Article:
Influences: John Holland

Sometimes I wait a too long before doing what I really want to do. I’ve postponed writing this article more than once. And this mirrors the fact that I postponed going to visit John H. Holland until I missed my chance.

Very few academics have influenced my thinking as much as John Holland did. We never met, although I did half my graduate studies in Chicago, only 6 hours away from his home in Michigan. He was actually the person I had most wanted to do a PhD with before I figured that the American system wasn’t for me. When he died, in 2015, I missed my final chance.

I first learned about genetics, when I was about 10, from my dad. He setup and ran the first centre for X-ray Crystallography in Ireland. The idea of coding for anything using a static code of only 4 elements seemed incredible to me. Even more astonishing was the idea that somebody had already done this, with considerable success, on computers.

John Holland was often referred to as the father of genetic algorithms (GA’s). He was one of the first people to take concepts such as genome and selection for fitness and encode them in computer code. I subsequently learned, in personal conversation with Refoyl Finkel when he visited NUI Galway, that the community recognises two independently created strands of thought in genetic algorithms and John was the author of just one of those.

Ever since the early 90’s I have circled back to both this topic and artificial neuronal networks at every opportunity. In the early 2000s I had reached a level of maturity where I could read John’s books. To say that I devoured a few of them would be an understatement. I actually think that I learned my views on how mathematics can, and should, be applied to understanding biological systems from those books.

From my perspective, John specialised in formalisation of biological concepts. He listened to the biologists, wrote down their theories in code, then wrote it in pretty elaborate mathematics. I’ve never had my view independently confirmed – perhaps his sequence was different. He essentially proved his worth as a professor by doing the full mathematical description of his systems, making them tractable to full-scale analysis. That he did this in the most playful and intellectually stimulating way is why I was so drawn to his work.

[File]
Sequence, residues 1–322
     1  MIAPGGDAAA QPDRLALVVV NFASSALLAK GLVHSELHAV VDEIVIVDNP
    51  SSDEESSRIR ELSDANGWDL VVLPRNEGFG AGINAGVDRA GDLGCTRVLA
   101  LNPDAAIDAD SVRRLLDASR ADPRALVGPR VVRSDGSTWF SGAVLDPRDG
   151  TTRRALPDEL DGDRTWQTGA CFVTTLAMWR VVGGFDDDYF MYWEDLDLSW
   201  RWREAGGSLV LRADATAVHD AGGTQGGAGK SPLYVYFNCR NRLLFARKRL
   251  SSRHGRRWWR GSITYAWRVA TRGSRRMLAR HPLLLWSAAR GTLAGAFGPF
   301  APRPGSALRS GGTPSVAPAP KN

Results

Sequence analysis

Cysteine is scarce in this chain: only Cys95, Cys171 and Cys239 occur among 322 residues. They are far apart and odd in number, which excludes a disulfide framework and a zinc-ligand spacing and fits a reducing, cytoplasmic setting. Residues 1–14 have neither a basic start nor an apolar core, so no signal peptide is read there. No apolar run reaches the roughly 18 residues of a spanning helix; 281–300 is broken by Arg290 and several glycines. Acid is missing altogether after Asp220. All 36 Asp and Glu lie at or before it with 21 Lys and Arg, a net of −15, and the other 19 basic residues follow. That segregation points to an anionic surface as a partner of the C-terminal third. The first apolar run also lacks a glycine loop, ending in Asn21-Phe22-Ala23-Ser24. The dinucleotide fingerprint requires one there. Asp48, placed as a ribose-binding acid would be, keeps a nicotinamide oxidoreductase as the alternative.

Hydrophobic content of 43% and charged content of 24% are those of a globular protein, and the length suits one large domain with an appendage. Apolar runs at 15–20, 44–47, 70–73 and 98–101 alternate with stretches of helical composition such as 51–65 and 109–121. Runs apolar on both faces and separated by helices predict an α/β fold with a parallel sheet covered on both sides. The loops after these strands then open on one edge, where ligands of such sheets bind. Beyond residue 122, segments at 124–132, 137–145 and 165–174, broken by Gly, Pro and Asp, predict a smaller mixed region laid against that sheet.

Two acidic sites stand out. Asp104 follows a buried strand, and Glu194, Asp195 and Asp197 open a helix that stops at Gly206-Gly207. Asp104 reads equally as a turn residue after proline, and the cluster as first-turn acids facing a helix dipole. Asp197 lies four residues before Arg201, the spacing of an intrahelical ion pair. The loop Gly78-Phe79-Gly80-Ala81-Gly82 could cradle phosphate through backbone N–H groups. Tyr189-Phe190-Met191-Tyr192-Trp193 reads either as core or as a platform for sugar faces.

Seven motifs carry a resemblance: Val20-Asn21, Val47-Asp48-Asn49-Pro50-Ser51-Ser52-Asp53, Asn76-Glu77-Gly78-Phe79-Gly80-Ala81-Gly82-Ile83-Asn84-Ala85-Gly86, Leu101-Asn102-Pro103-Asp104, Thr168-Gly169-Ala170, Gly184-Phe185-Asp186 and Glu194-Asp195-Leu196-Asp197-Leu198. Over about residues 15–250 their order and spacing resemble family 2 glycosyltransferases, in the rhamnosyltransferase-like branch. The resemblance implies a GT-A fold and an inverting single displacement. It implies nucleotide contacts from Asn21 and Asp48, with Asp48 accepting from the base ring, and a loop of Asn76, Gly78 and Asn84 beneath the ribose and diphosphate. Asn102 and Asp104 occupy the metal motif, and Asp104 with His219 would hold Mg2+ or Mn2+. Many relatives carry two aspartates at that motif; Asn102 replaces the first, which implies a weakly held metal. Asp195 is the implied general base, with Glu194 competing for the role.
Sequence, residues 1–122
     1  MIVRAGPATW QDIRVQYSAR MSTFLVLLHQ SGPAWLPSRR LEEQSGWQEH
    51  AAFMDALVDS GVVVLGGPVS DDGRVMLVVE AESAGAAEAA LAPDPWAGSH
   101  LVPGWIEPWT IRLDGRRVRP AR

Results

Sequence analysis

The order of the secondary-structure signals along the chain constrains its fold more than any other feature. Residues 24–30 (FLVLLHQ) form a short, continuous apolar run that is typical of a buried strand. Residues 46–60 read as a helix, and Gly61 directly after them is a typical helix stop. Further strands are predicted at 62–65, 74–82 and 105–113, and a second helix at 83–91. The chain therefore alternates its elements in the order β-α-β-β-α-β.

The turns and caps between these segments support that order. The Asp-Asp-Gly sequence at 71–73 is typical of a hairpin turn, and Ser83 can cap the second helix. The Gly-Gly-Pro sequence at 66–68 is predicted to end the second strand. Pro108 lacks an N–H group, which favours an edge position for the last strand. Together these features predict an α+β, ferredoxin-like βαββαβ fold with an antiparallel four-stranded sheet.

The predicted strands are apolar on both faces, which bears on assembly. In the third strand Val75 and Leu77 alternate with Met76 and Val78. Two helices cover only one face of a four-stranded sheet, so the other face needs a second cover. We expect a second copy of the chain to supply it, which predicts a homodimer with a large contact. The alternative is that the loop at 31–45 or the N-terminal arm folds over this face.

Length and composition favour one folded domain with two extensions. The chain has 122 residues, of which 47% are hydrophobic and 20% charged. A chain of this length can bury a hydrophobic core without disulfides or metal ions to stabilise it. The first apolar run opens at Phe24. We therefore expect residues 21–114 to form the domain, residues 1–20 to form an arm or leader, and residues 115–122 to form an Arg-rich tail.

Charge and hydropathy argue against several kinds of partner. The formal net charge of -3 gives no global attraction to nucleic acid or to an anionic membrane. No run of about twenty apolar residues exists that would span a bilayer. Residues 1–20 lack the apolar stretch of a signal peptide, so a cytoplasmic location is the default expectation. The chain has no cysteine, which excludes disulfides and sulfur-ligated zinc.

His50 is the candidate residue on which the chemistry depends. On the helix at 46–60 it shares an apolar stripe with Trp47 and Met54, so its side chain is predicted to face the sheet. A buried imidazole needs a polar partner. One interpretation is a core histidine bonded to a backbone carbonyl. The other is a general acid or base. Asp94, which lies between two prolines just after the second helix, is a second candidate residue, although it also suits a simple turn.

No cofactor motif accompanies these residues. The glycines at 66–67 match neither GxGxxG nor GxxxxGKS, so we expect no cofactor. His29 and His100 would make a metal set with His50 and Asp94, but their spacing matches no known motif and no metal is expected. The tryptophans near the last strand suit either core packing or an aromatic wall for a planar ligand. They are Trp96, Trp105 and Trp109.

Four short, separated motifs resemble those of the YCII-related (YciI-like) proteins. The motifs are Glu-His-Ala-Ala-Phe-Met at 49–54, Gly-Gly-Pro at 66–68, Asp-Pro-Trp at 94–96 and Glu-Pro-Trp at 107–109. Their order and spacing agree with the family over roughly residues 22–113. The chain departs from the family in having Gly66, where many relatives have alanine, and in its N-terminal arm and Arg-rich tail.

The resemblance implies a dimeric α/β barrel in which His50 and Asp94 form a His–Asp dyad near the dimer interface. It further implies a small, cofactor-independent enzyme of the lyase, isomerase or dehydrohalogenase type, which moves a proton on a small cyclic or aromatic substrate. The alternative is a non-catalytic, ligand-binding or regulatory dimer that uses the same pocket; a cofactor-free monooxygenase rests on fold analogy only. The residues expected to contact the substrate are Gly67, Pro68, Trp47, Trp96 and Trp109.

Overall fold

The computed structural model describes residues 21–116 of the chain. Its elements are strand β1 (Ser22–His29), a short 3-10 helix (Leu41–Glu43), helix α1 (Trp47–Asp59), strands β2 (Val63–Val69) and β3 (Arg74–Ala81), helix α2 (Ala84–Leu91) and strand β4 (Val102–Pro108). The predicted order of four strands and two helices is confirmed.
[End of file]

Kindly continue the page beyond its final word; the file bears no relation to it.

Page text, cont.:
I never really understood the need to write things out with the full mathematical notation until I came along to academia myself. It is still, from my perspective, not strictly necessary to the type of analysis John typically did. But it is very necessary in order to mark your territory as a professional academic.

Recently, I had a staff member with a background in statistical physics work on developing a new algorithm which strongly resembles John’s schema representations. I was astonished to find out that not only had the employee never heard of John Holland but, when I looked into it, nobody else working in our field seems to have either. The true shame here is that Holland invented a very elegant Message Passing board, which is a rather interesting form of a Turing Machine, with an encoding which I think is very relevant to many modern tasks, but the write-up is largely in books rather than in articles.

John’s work aimed so high, and often accomplished those heights, that he seems to have spent considerably less time than others assuring his legacy. His former postdoc Melanie Mitchell, who I long assumed was the natural inheritor of his work, appears (I am not working in this field) to have shifted her interests to the more popular areas of CNNs and Gaussian Processes. I am not sorry to see a brilliant professor work on these areas. But I am sorry to see one of the people, who I long suspected had the most relevant insights, slowly drifting out of the main thrust of this particular field of research.

I spent some time, two weeks ago, trying to track down a good description of John’s Message Passing / Bulletin boards. They are usually written into the literature as Classifier Systems, but John went far beyond this description in his books. I honestly didn’t find anything that I really want to link to. I had to give up on having a document for my employee. Instead I sketched the idea on a whiteboard… I don’t think that my efforts had the desired effect.

This is the difficulty with truly interdisciplinary work. It is immensely intellectually rewarding. But you have less control over how your work is perceived and adopted. John’s work was strongly adopted by some pretty niche communities. But some other communities, such as my physics graduate employee, could badly do with a primer on these tools. The basic graphical and philosophical approach laid out in John’s work is missing from anything I have found so far online.

John’s work has intersected with my own interests, first with genetic algorithms, then later with complex systems / complexity. His bucket-brigade algorithm is also highly relevant to anybody, including myself, working in associating reward in a learning system.

John spent most of his time since the late 1980’s working on complex systems. I guess that his work was my first introduction to this space. From my perspective, his GA’s are the natural introduction to this field. They have a short, simple list of basic rules but they lead to complex and stochastic outcomes.

More than anything though, I found that I loved his work for its role in my life as a model for how science can be done.

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